Secure Login

Employee Portal

Employees login with your Computer User ID and portal password. 
Forgot Password?

LRSC students study in Greece

By   Kayla Marek

Greece: Cerulean blue seas, ancient cities, crumbling columns. Sunsets over the Saronic Sea and races in the first Olympic Stadium, 776 BCE. Holy Temples dedicated to Athena, Nike, Zeus and sacred ground walked by Plato, St. Paul, and more.

A group of 17 students and community members spent up to 10 days traveling the cradle of Western Civilization in May through the Lake Region State College study abroad opportunity.  This is the third Study Abroad trip Lake Region State College’s Humanities and Diversity divisions have sponsored for students and interested community members.

For students to receive credit for the trip, they must take a designated course beforehand to give them foundational knowledge in what they will see.  To see their “textbook come to life on the trip” is one of the main wonders of the expedition.  Talon Mack, one of the students, stated in his photo journal “All the sites look cool in your text book, but seeing them in real life puts them in perspective [for size and location].”

Ramsey Hoey, another student traveler, also observed “that the text book can only show so much, but being right there in person makes the connection so much better with the history of the surrounding landscape. The text books could not do justice for how amazing it was in real life, the experience was rewarding.”
Some of the highlights of the trip included visits to the original Olympic Village (where Alexis Langton was crowned with laurel for winning the race), the Temple of Delphi where even Socrates claimed  to have  consulted with the Oracle, and of course the Parthenon on the Acropolis of Athens.  As the group would soon realize, most cities have an acropolis, the “high part of the city,” and atop each acropolis is usually a temple to honor a certain god.  No matter where the group toured, they were “amazed to see so much history behind all the sites.”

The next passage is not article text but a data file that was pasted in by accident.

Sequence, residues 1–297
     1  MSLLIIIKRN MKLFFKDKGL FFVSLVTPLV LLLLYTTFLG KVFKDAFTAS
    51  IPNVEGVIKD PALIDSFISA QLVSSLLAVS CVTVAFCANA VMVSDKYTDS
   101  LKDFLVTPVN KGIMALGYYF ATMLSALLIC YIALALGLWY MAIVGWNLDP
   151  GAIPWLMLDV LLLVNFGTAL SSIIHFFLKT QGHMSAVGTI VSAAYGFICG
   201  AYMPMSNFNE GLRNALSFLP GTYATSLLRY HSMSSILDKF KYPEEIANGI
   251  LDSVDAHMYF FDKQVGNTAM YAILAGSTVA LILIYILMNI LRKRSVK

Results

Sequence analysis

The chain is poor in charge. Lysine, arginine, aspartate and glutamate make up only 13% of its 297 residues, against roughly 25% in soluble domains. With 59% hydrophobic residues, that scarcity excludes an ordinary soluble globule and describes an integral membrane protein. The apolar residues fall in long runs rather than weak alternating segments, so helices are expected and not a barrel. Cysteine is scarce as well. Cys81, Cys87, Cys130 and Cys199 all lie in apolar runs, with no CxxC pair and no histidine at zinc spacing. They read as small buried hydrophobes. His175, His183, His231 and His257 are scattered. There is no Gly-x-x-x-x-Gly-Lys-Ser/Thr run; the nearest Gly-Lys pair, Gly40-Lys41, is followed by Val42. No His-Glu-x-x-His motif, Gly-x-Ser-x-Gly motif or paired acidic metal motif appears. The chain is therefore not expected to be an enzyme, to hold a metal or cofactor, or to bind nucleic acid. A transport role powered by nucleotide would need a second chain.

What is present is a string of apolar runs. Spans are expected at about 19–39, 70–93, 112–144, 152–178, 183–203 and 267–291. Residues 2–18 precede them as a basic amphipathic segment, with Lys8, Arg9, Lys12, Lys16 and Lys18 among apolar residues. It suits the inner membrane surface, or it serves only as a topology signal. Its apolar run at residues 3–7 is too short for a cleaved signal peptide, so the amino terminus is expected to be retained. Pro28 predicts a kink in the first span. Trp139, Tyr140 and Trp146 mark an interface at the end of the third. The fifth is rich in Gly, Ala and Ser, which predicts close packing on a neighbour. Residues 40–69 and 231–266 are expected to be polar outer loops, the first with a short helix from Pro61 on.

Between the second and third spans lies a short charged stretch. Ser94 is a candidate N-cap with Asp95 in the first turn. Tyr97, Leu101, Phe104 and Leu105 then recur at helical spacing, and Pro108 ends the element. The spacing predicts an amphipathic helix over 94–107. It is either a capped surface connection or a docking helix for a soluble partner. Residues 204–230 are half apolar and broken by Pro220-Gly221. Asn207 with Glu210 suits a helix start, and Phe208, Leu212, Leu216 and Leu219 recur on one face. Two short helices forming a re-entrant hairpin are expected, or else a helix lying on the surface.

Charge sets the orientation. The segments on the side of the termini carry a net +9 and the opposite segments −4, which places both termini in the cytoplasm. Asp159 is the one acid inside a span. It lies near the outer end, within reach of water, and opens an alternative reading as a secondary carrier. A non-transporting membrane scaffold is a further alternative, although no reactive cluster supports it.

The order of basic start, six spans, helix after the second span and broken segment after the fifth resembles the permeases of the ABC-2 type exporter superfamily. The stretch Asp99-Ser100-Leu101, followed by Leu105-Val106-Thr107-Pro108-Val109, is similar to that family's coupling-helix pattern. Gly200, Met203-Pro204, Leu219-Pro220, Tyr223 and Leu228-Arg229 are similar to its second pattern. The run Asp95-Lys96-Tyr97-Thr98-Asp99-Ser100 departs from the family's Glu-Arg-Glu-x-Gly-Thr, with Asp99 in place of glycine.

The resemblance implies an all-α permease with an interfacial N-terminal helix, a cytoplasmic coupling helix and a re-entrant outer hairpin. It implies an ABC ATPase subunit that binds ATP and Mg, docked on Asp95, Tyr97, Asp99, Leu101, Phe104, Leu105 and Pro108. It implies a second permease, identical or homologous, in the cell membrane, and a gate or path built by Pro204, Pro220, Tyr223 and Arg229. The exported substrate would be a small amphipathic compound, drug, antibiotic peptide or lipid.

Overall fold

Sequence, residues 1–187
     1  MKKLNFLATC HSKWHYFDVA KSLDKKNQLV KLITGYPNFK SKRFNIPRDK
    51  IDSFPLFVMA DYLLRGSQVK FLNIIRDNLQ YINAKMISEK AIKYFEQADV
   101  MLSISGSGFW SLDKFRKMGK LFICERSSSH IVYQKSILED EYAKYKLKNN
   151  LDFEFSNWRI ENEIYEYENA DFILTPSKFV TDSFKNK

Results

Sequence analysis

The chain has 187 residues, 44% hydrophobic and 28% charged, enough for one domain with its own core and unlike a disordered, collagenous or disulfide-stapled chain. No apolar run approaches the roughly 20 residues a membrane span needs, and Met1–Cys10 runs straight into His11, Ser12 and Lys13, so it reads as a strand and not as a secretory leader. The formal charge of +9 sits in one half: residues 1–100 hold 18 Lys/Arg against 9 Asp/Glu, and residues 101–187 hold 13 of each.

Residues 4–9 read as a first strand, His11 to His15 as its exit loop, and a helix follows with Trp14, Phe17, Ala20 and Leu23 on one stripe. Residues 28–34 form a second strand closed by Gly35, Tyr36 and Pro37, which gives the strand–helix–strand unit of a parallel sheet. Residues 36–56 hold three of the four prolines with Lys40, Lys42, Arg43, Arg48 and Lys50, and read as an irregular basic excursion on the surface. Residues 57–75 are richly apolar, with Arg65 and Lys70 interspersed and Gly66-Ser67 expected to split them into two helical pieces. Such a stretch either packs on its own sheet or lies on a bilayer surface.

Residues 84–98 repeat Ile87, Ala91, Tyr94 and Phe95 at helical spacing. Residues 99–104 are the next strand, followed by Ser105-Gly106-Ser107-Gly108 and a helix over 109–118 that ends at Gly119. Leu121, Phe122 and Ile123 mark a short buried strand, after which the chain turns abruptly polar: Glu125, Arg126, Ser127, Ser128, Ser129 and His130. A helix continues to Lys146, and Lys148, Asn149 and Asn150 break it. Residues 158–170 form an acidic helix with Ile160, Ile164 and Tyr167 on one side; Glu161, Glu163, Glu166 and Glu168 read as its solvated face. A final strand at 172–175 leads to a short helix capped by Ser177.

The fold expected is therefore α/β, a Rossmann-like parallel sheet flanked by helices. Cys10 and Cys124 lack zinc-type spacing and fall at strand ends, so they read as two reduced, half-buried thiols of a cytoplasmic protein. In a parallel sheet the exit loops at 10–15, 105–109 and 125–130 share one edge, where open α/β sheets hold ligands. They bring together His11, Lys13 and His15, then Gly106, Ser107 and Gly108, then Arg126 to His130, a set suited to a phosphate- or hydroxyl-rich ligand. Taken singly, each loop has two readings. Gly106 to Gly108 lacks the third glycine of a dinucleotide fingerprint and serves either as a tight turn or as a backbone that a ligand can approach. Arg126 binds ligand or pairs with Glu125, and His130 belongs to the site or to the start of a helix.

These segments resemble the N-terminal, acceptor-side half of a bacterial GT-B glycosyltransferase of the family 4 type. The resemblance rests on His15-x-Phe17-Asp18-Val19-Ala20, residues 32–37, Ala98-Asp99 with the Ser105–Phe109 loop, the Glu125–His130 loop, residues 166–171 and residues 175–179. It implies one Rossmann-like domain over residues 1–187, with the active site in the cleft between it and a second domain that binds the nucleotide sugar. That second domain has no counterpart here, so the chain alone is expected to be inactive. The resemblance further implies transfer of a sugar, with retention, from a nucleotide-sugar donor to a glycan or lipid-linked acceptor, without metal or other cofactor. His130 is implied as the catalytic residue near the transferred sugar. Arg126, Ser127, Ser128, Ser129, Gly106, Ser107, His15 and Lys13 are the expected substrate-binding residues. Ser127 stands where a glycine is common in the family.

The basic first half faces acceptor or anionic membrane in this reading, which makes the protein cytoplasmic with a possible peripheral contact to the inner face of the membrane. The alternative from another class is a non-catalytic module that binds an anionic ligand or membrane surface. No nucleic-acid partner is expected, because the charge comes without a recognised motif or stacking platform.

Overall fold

Although half of the group had to leave after eight days, the half stayed for a four-day cruise of the Greek Islands, where even more history unfolded.  Some visited the ancient city of Ephesus and the house where it is purported the Mother Virgin Mary spent her last days. Others toured the castle at Rhodes, a common stopping place for Knights of the Templar during the many crusades. Lion’s Gate, the entry to Agamemnon’s (brother-in-law to THE Helen of Troy) was a highlight for many and a disappointment to none.  On the last day, on the island of Crete, some roamed the ruins of the Palace of Knossos (circa 1400 BCE; original one circa 200 BCE) made famous by the minotaur and labyrinth. 
The country’s culture has its roots in its rich history. Deidra Webster, another LRSC student, commented “Everyone should experience different cultures to open their eyes to how large and [yet, how] small the world really is.”  She went on to say that,” Though I loved Greece and all of the history, it created me to love and appreciate America and its people.”
One of the most interesting discoveries regarding food was the love for French fries, served with moussaka and also stuffed into gyros. Somehow, honey was worked into every meal from Greek yogurt with honey and walnuts to ravani, a honey-based sponge cake. 

Teresa Tande, coordinator for the trip, also talked about how amazing the trip was. First, just being around surviving structures over 3,000 years old is almost beyond comprehension, especially for those of us from the plains where our oldest remaining structures are maybe over 150 years old.

“I loved how every place had a story from mythology to go with it, but mythology based on some element of reality.  But most of all, I was energized seeing the group marvel at the sites, too.” Tande further commented that lifetime learning is at the heart of LRSC’s Study Abroad programs. A huge part of lifetime learning is being open to new ideas and new thoughts.

"Perhaps Ramsey Hoey showed that best with her reflection ‘I questioned life all around, from where we started, seeing the ruins of the ancient cities of Greece, to where we are now.  What is left to come? How much are we going to advance in the future?’ or Talon’s of “The trip was … [an] opportunity that will stick with me for the rest of my life.”

In the future, perhaps there will be another opportunity to see the “The glory that was Greece.” But for next year’s trip, to again quote from Edgar Allen Poe’s poem “To Helen,” it will be the “grandeur that was Rome” that is explored. For more information about next year’s trip contact Tande at 662-1656.